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August 2000 Issue
How Sweet It Is
by Ronda L. Halpin
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As gardens around the world offer up sweet and tangy harvests, my thoughts turn to the many ways to preserve the bounty. And, having more than one sweet tooth, thoughts of jam also fill my head.

While markets everywhere offer a wide and quality selection of jams, jellies and sauces, there's something downright sentimental about making your own from fruit grown by yourself or someone you love. And while I would encourage you to experiment with treasures from the grocery store shelf that might not be practical to make in your kitchen, I'd also suggest trying to make a few jars of something sweet at home as well. At the very least, it provides a better idea of the processing involved in getting those sweet treats from the garden or orchard to your breakfast table!

The essential ingredients in the jam recipes featured in this article are fruit and sugar. The fruit determines the overall flavor of your final product, so picking or purchasing top quality fruit is essential. If your fruit is under ripe, your jam could end up with an overly mild flavor and chunks of fruit that are too large for proper spreading. If your fruit is overripe or damaged, the jam could become visually unappealing or worse. The sugar serves to heighten the sweetness of the fruit and thicken the final product (gelatin or pectin can also be added to help thicken the mixture).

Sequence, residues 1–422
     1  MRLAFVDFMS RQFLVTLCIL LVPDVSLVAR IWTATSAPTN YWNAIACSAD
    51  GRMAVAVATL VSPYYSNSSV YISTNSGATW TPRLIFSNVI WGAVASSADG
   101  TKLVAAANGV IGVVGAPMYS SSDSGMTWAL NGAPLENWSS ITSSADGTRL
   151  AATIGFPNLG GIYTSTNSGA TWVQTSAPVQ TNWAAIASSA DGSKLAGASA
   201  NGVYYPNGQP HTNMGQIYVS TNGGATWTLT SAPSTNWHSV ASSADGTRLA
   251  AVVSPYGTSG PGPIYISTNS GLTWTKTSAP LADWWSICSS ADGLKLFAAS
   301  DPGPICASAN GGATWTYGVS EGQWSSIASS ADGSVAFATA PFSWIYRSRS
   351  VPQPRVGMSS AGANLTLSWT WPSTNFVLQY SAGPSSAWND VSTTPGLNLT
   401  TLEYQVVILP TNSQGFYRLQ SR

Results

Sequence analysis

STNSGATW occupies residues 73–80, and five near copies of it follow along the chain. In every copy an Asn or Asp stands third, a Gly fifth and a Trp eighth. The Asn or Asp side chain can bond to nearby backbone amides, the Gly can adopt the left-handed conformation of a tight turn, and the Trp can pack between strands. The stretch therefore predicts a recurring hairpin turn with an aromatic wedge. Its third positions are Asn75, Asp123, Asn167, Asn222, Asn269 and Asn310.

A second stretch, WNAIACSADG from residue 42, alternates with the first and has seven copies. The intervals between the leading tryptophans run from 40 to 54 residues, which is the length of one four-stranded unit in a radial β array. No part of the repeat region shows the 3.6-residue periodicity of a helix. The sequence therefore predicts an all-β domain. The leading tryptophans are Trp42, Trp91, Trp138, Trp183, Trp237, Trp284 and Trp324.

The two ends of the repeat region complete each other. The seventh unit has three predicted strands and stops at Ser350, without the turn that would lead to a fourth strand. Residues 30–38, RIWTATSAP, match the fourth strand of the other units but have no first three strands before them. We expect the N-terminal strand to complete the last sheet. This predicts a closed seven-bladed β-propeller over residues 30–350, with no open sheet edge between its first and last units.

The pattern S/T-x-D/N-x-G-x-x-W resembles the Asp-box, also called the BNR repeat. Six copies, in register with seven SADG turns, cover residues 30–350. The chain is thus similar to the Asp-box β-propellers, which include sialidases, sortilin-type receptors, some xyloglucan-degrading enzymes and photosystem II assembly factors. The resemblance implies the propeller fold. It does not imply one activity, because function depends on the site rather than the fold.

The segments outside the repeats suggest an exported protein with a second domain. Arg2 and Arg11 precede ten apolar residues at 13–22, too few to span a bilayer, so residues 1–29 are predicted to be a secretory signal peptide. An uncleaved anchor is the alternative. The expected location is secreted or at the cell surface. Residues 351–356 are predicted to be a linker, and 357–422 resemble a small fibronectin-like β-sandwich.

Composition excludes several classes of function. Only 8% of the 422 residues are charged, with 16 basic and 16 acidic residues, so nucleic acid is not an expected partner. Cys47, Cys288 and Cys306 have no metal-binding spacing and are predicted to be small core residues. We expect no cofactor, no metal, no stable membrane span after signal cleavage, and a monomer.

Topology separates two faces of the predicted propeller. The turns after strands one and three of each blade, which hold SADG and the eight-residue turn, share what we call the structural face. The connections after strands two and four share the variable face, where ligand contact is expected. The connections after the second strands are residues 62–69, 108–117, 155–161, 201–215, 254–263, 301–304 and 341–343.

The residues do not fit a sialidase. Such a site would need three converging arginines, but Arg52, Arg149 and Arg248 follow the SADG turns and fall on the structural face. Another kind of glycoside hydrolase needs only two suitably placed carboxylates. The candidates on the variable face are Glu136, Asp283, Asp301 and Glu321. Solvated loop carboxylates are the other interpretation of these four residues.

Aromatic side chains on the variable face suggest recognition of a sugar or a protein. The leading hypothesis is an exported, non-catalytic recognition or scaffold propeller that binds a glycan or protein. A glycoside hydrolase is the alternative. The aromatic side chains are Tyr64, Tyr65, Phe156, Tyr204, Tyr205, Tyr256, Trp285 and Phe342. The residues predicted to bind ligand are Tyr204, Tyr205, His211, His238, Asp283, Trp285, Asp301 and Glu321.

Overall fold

While sugar-free options abound, I have found that getting them to set properly is a challenge and I generally opt to purchase my sugar-free preserves from a market. Also, for those beginners that want a simple method for making homemade jams, I would recommend purchasing pectin (I use the Sure-Jell brand) and following the instructions for various fruit jams included in the packages.

Since this article is meant to encourage beginners, the recipes presented are all freezer jam recipes. I think freezer jam is a good way to start making jam since it requires no special equipment and nearly everyone has just a little freezer space to spare for a few jars. Perhaps we'll tackle the more difficult aspects of canning jams and the like in the future.

To help you enjoy the pleasures of jam-making (and, of course, eating), I'm including three freezer jam recipes that I've enjoyed at my table. I hope the same will be true for your family!

As always, I'd love to hear about how your cooking adventures turn out. Feel free to share your own recipes, stories and comments with me!
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